Along with all of the above mentioned apps, there are some incredibly powerful tools for telehealth services. Whether it’s college students connecting directly with a therapist using an app on their cell phone so they have it when they need it, or finally being able to stay on a regular therapy schedule to take one step at a time on your mental health journey, without having to drive all the way to an office.
4. Tap Into More Money
“Even if I wanted to do something about it, mental health is expensive!”
Sadly, I hear this all the time. And even more sad is that it’s true. In the United States, mental health benefits are often financially inaccessible to most people, even for those with health insurance. The reality is that to make an impact on mental health, it’s going to cost you more money. Especially if you are an employer providing benefits to your team.
But what if there was more money waiting to be tapped into and you could use it to start making your benefits better? The good news is that there is and I am passionate about helping leaders like you know about it! The truth is that those old group health plans we’re so used to are just like those old pension plans from the 1980s—they’re outdated, not personalized, and way too expensive. Which is why the latest style of health benefits for teams is way better.
Over the last decade, a new delivery method has developed called managed individual health benefits. And without going into all of the details of how it works, it’s the equivalent of 401(k) but used for health needs instead of retirement. It’s personalized to each employee, which is great. But most importantly, it lowers the cost by 51% on average and allows employers to finally give more benefits without spending more money.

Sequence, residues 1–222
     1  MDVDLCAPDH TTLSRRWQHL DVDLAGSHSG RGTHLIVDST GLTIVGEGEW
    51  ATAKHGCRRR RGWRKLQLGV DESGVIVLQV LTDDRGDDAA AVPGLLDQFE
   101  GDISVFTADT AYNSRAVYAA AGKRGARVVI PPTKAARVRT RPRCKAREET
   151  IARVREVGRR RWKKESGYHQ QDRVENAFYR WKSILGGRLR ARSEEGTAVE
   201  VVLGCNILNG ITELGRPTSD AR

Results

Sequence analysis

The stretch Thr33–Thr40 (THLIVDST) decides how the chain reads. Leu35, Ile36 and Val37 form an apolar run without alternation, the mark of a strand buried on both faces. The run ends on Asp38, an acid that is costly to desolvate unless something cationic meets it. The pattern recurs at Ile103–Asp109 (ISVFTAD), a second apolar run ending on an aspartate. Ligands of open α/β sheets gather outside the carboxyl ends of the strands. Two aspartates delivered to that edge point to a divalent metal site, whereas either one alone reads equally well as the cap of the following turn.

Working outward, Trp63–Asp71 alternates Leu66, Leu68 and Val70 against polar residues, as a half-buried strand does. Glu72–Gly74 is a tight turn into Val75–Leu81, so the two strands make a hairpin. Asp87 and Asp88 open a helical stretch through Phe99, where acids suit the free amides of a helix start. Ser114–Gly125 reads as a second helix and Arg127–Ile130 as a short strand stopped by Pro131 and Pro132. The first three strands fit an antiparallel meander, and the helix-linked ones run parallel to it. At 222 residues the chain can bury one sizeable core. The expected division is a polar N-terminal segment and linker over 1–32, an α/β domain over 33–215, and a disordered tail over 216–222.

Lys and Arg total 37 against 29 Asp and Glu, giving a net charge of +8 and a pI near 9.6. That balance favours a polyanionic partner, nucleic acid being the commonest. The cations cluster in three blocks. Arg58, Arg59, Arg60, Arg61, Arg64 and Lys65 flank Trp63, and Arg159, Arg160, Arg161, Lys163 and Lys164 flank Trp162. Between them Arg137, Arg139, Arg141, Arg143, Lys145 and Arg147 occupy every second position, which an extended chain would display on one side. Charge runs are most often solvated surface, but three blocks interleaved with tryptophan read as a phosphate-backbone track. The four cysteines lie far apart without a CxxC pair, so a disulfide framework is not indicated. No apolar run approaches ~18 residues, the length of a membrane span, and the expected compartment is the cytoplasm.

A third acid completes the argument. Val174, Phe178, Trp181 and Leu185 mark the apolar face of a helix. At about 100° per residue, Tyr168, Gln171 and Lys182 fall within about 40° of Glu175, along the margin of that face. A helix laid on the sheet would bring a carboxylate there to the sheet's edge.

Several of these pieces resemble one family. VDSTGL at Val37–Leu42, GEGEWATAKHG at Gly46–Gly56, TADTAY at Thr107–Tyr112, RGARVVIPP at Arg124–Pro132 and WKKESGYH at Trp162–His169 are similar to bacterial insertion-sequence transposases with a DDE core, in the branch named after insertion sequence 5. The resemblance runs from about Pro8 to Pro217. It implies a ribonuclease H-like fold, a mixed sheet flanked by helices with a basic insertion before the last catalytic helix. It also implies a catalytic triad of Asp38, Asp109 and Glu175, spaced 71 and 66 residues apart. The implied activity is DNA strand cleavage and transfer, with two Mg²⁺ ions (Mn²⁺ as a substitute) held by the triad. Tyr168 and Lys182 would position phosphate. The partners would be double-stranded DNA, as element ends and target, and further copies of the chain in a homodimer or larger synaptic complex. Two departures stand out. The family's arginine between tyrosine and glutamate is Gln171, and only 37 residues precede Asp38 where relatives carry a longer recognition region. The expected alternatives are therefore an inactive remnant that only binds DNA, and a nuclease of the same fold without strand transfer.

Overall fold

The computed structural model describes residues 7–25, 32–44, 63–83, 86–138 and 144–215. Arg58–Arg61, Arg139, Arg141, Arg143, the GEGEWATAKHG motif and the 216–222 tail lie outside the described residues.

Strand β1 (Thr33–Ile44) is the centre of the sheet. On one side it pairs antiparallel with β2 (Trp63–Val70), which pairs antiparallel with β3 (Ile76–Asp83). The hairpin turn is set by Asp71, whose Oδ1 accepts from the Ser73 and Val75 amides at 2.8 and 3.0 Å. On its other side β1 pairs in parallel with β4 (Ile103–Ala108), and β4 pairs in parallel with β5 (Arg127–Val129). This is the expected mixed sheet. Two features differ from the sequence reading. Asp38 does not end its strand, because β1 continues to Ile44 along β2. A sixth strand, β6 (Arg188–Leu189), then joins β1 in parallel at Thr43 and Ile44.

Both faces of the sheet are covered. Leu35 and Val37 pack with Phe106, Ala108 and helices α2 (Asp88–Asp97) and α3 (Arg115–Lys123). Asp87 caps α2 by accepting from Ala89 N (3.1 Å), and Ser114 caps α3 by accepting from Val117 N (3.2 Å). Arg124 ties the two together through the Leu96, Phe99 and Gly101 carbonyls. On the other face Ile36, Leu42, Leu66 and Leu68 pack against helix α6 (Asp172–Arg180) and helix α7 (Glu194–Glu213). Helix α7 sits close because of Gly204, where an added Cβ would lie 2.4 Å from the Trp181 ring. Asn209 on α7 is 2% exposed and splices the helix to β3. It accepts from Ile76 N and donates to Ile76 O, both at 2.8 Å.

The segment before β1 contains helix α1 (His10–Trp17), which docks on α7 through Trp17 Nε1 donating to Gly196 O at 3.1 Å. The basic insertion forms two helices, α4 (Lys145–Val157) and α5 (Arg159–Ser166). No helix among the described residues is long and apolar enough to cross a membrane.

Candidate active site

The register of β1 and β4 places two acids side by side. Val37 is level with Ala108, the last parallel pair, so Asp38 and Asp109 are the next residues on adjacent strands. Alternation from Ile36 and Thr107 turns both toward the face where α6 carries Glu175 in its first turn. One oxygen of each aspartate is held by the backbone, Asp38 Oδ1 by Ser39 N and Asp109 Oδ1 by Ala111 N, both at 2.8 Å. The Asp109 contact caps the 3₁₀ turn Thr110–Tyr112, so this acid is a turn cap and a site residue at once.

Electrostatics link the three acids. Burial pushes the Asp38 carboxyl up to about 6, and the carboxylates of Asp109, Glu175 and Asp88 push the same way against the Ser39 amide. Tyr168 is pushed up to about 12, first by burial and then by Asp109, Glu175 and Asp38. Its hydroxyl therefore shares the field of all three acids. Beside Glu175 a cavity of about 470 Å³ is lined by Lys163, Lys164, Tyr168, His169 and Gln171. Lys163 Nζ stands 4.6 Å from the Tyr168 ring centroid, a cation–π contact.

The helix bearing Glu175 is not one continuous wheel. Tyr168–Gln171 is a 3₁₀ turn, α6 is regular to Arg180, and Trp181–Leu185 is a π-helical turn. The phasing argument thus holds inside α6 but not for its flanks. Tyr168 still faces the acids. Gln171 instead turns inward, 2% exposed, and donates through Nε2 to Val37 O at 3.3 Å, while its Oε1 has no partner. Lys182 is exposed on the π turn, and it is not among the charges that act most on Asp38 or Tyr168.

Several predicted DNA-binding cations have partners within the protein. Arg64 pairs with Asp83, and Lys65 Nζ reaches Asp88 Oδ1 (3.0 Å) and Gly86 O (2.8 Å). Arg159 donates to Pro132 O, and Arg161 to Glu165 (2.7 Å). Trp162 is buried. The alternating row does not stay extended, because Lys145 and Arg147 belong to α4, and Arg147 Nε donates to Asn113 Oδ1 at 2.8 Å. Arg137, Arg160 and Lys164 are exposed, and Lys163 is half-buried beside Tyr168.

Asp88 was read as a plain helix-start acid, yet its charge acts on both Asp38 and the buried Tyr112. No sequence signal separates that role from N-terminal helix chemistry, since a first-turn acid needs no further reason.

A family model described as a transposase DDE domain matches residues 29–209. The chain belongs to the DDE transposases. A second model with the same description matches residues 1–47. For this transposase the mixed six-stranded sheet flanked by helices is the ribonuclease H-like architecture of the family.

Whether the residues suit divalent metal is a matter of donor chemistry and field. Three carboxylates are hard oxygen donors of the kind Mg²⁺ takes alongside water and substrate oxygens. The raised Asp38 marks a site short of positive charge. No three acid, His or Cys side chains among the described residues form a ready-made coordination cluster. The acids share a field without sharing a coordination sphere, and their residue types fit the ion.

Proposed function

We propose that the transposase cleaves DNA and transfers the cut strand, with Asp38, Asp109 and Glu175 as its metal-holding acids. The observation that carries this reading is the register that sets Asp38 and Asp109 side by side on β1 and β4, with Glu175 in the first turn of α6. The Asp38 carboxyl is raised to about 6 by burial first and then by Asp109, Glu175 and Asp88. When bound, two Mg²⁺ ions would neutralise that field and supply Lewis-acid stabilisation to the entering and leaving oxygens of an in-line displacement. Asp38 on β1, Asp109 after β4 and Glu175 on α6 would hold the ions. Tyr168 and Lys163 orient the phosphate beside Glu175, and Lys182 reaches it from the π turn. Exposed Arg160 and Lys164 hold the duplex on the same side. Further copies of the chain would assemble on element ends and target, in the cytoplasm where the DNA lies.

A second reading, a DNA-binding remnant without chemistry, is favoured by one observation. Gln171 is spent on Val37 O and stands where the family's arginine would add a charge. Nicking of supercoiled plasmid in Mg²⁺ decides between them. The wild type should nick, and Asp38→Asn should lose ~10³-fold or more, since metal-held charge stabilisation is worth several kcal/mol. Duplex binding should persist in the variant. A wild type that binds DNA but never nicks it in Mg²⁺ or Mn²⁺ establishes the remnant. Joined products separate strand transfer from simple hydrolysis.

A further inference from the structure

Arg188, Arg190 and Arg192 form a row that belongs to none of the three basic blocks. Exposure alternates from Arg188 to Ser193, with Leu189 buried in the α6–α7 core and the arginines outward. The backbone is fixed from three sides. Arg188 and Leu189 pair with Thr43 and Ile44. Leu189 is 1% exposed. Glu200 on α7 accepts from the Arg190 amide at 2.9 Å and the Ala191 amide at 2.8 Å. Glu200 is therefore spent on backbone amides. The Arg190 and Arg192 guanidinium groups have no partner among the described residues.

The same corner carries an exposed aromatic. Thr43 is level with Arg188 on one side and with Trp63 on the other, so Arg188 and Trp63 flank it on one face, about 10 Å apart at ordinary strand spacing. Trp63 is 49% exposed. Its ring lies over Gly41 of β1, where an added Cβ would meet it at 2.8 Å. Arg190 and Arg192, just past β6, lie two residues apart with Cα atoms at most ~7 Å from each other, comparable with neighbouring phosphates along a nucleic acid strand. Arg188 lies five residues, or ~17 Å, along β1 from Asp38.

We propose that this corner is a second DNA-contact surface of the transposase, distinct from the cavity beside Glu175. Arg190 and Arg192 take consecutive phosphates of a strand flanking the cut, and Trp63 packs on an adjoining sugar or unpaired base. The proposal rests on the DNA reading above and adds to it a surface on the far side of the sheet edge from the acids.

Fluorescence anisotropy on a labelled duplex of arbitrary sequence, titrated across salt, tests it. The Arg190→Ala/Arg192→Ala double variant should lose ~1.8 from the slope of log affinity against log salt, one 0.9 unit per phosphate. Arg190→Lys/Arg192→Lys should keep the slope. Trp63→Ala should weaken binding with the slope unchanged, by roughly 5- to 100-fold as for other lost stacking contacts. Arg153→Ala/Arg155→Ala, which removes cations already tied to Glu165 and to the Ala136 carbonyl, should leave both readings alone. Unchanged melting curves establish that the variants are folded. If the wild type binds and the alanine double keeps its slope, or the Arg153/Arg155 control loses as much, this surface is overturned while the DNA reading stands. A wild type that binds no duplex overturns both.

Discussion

Go to remodelhealth.com/carey to learn more—it’s simple and helpful. But most importantly, no matter what you do, just don’t do nothing! Start a conversation, begin learning, and take one next step to care better for yourself and for those that God has put around you.
About Remodel Health
Remodel Health is the health benefits software for employers that helps you save money and care better for your team. Remodel Health helps employers offer more health benefits options than ever before using a managed individual approach to health insurance. With a full spectrum of options — from our time-tested and exclusive WageUp solution to sharing programs to individual coverage HRAs — finding a perfect fit for your team is closer than you think.
Our health benefits consultants walk beside each organization to tailor health benefits to your organization’s needs and help you determine which product will serve your people best. The best part? Remodel Health customers save an average of 30-50% on their health benefits!